Future Sex was started in 1992 and driven by Lisa Palac, a former film student, and senior editor at On Our Backs (1985) lesbian magazine, helmed by Susie Bright. Palac wasn’t always into such suggestive work. She was originally an anti-porn activist, though she ultimately changed her views as she began to question her Catholic upbringing and investigate the various taboos around sex and sexuality. While in school, Palac would go on to create erotic films, and even publish her own sex-themed pornographic zine before entering the literary world. As the cyber ethos spread through the Bay Area, it eventually hit Palac in a world-changing way.
Journalist Jack Boulware, founder of satirical magazine The Nose (1988), shared an office with Future Sex in the early ’90s. Boulware claims that Future Sex was originally helmed by novelist, and godfather of cyberpunk, John Shirley before he was replaced with Palac by Kundalini Publishing after the first issue. While the masthead of the premier issue lists Shirley as a contributing editor, Palac receives top billing as Editor, and her words are the first you read as you are introduced to the publication. The staff of this issue reads like a list of guests you might find milling about a Mondo 2000 party at 3AM: Gracie, Richard Kadrey, St. Jude Milhon, and Bart Nagel to name a few. The familiar names make for a comfortable first issue of any publication— as long as your level of comfort was smart drugs and anarcho-leaning techno-counterculture.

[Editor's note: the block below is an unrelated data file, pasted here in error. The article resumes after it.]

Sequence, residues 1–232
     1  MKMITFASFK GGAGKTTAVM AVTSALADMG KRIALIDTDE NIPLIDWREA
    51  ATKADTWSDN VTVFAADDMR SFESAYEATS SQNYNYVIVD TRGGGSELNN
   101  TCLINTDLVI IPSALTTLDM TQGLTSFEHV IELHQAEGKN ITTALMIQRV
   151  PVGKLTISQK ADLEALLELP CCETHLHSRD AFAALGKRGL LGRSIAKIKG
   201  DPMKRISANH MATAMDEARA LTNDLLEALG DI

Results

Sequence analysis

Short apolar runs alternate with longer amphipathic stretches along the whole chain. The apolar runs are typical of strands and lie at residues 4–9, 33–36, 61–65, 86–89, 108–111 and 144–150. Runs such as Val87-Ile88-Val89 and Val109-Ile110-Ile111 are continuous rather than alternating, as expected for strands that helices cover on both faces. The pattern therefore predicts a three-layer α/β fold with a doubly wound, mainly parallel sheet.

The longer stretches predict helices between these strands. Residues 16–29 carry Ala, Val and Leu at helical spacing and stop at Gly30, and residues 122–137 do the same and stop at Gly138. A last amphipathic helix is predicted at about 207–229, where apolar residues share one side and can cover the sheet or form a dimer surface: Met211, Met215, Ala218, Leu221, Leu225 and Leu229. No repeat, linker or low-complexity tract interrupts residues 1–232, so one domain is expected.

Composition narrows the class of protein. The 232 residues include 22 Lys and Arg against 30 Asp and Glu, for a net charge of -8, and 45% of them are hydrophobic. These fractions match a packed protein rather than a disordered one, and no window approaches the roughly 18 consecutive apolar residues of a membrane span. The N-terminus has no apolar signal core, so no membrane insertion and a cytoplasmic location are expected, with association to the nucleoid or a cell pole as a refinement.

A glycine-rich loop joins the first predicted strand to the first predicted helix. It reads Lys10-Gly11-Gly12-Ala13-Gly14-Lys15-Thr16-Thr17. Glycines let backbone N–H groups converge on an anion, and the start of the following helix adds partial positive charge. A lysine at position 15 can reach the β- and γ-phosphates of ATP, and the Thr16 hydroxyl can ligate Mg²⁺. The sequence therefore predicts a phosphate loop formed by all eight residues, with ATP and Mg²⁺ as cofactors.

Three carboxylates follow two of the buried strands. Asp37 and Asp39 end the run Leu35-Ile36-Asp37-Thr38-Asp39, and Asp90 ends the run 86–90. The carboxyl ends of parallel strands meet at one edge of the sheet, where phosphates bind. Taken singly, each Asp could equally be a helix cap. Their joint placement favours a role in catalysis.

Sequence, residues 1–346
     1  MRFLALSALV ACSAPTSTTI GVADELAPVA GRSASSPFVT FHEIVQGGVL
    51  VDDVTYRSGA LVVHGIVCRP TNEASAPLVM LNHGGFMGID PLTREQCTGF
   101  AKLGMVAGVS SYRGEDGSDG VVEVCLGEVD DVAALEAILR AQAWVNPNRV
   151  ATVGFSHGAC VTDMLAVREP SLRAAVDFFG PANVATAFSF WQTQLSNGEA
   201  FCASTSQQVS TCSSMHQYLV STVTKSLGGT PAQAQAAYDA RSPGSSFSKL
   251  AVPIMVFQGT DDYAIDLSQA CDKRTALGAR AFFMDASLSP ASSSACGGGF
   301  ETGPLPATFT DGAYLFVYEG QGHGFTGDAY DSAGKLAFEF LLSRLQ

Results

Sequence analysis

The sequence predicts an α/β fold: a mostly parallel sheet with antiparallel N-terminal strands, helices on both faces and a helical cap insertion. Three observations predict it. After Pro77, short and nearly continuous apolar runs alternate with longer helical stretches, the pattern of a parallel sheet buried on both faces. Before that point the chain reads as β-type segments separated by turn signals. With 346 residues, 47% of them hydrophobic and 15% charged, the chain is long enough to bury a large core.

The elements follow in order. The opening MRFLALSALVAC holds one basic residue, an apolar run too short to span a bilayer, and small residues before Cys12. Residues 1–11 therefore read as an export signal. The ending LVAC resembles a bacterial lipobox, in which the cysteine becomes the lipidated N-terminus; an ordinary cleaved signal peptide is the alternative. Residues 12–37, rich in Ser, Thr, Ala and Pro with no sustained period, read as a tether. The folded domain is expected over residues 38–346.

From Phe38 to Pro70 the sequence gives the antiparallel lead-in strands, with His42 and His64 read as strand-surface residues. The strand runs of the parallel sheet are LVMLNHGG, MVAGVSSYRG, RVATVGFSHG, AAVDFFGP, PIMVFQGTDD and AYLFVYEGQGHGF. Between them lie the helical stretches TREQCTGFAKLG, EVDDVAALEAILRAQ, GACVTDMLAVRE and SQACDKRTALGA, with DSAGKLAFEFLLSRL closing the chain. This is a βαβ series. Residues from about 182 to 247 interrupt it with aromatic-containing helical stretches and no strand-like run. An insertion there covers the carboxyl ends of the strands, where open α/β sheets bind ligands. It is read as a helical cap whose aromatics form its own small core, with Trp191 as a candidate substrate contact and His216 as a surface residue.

Between the high-tech sex talk and multiple photo spreads, the sex-positive, feminist ideals of Palac are at the forefront. This isn’t your normal porno rag aimed at men, nor is it entirely aimed at women; it hits a more general group of sexual beings, poised to look towards the future of sexuality and new ways to get off. Palac is blunt, sarcastic, and snarky, but she’s honest about what she wants and where she sees things going in the world of sex. The next few issues showed refinements in layout and design as the magazine hit its stride. Content boomed with articles on cybersex, teledildonics, high-tech sex toys, and everything in between. Interviews with cyberculture personalities like William Gibson and R.U. Sirius lined the pages, along with discussions of the latest BBS or Usenet group to check out and meet like-minded individuals.
In a lot of Future Sex articles, the technology seems alien. We bounce back and forth between industrial-looking equipment that would feel familiar in a 1970’s wood-paneled den, as well as more Cronenberg-esque devices like the CyberSM, which, well… you just sort of have to see for yourself. The virtual sex and teledildonic wet dreams of Ted Nelson and Howard Rhinegold never seemed more real. With models clad in leather, latex, steel, and chrome, we received a salty taste of what the next frontier in sex could offer us in the not-so-distant future.
With page upon page of advertisements for sex software, expensive bulletin board access, and phone hotlines, you never forgot you were reading a pornographic magazine. Even Future Sex itself advertised all of the different credit cards it could accept for subscription via a full-color banner in the first issue. Though Future Sex had seemed to target all genders and sexual orientations, the advertisements felt old-fashioned and predictable, almost exclusively aimed at heterosexual males.